03 March 2007

The 3rd Overnight Train of My Life...

..and the 3rd overnight train too many. I can't say that I'm a huge fan of overnight trains. The whole argument that it saves money on lodging (since the train has a bed) is bogus in my mind. Train beds should not be qualified as real beds ever. If I cannot turn over in bed without falling off, it's not a true bed.

Perhaps I should back up. Rewind to September of 1997. I'm 12, going on 13 (picture middle school awkwardness, with permed bangs and everything! Oh yeah, it was bad). I was on my way to northern Russia (like above the Arctic Circle, near Finland) as an exchange student. I was traveling with a group from my school and had a 26 hour train ride from St. Petersburg to the town where we would be staying for three weeks. I'm not sure what we did for that long on the train, as this is before iPods and DVD players--I think I remember having to do some science homework, but that couldn't have taken the whole time. Anyway, the climax of that trip was receiving lice from the bedding, which I didn't discover until about a month later, due to said perm. It was a great trip overall, but the train part was definitely not a highlight.

Fast forward to January of 2004. I had just spent the month in Germany with my college and we had a few free days at the end of the trip. I went to visit my friends from camp who were from Prague. The trip would have been a lot quicker if I left from Berlin, but we ended our group travel down south in Bavaria. So I had to travel across most of central Europe in order to meet up with them in Prague. That overnight trip was characterized by a very loud snorer and some shouting border patrol demanding passports at like 4 AM. Again, a wonderful, but cold trip, where the overnight train was underwhelming.

Now the present--February 9--but on another continent--Asia. We managed to score front-row seats on the flight and we landed in Bangkok with an hour and a half to get to the train station. The flight attendant told us to expect it to possibly take that long with traffic, so again we found ourselves holding our breath, hoping that everything would go okay. It actually only took maybe 40 minutes, so we had time to grab some dinner at the train station. Dessert was probably the most exciting thing, as there was both Dunkin' Donuts AND Dairy Queen. I had my first blizzard in months and I bought a donut for breakfast. When we got on the train, we discovered that our tickets were second class, which meant no AC. Now, Thailand is pretty close to the Equator and no AC=one stuffy night. Thankfully, the windows were wide open and the ceiling fans were blowing, but it was still a bit warm. It was really fun to ride through the suburbs of Bangkok, the city just seemed to go on and on. Around 9, they came around and made up our beds. We all had top bunks, which was fine, but we either could close the curtain and block the fan and keep the light out OR we could have the curtain open and feel the fan but let the light in. I chose to feel the fan and suffer looking at the light; I can't say that I actually feel asleep, but such is life. It was an interesting experience, especially with an elevated squatty for a toilet (if you thought a squatty potty was fun, try one on a train!) Anyway, we got off at around 6 AM, only to hire a van to drive us to the coast, where we later caught our ferry.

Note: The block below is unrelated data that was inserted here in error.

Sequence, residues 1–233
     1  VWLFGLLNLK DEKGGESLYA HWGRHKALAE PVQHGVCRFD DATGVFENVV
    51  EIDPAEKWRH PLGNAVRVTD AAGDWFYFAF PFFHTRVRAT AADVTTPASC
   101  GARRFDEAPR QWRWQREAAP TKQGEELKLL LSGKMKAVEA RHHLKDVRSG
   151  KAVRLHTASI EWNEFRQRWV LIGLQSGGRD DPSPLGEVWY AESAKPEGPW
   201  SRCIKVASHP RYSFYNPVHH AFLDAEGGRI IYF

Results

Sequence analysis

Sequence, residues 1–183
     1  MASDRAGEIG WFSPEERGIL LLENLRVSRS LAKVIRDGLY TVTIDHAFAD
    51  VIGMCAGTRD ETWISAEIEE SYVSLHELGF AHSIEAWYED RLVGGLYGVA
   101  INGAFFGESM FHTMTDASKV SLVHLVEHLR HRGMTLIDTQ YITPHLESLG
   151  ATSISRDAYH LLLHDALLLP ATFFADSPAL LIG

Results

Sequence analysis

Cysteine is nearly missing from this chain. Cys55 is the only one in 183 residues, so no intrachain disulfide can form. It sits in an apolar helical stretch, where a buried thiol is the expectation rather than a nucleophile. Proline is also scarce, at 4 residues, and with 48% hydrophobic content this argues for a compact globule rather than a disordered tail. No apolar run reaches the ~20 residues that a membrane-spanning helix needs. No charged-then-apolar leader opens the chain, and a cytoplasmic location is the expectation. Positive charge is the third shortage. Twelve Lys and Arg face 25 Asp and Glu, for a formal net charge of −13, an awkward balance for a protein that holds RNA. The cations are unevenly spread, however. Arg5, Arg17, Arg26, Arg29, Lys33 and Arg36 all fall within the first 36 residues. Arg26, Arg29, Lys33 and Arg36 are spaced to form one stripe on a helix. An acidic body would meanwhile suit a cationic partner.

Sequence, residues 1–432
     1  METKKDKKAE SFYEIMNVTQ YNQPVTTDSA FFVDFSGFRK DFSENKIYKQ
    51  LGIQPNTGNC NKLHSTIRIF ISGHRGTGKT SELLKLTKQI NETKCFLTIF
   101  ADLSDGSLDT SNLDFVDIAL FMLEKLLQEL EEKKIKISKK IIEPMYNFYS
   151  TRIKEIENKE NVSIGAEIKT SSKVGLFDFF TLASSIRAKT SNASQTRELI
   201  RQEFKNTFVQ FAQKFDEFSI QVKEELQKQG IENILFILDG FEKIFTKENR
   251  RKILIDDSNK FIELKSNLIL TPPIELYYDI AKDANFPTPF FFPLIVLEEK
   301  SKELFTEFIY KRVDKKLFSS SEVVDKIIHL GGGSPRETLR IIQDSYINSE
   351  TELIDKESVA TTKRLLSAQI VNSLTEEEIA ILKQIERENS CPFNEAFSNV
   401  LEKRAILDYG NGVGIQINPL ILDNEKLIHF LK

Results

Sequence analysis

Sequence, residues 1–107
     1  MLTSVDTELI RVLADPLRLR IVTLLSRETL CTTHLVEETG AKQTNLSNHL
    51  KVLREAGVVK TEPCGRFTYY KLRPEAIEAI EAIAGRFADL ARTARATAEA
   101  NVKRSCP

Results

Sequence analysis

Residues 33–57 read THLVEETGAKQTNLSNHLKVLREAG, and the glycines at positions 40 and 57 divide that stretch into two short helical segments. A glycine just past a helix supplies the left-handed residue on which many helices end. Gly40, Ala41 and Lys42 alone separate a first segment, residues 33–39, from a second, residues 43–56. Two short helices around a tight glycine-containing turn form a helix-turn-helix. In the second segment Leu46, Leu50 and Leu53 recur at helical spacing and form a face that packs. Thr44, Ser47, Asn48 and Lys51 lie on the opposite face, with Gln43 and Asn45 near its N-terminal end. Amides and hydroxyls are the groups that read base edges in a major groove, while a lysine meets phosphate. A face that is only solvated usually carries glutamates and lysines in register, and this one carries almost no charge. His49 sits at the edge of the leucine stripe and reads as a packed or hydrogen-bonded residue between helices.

The ferry ride was wonderful; it was warm and sunny and we decided to sit out on the deck. Remember how I said that Thailand is close to the Equator, well, we forgot what that meant in terms of how powerful the sun is. There's nothing like arriving to your tropical designation already sunburned--definitely not the smartest thing I've done in my life!

Here's some pictures:

Lindsey, me, and Megan right next to the emergency exit on our way to Bangkok.

Pulling out of the station in Bangkok.

Karri, me in the background, and Jamie getting settled for our 11 hour trip. (Notice the free space above our heads, that's where our beds were hours later.)

The man who came around to make our beds, the metal near his back is the steps/luggage storage for the top bunk (also notice the huge fan to circulate air at the top).

My bed!

The peaceful Thai landscape.

The foggy Thai landscape.

The blurry (think: artsy photo) Thai landscape.

Each person in our group took their picture outside of the train.

It was quite the (dangerous) process.

We got off at Surat Thani and hired a van to take us to the coast.

Loading the ferry.

Soaking up the rays on the ferry to Koh Phi Phi (me, Megan and Jamie).

The next installment: Our eventful arrival on Koh Phi Phi.


1 comment:

Anonymous said...

I just wanted to tell you how much I enjoy reading your blog... and thought I should say Hello and idtroduce myself! I am enjoying the pictures and all of your sign/translations... I truly appreciate them since we enjoyed reading the signs while in China as well... Look forward to more pics and stories from your recent trip!
Sharon (friend of Kennedy's) :)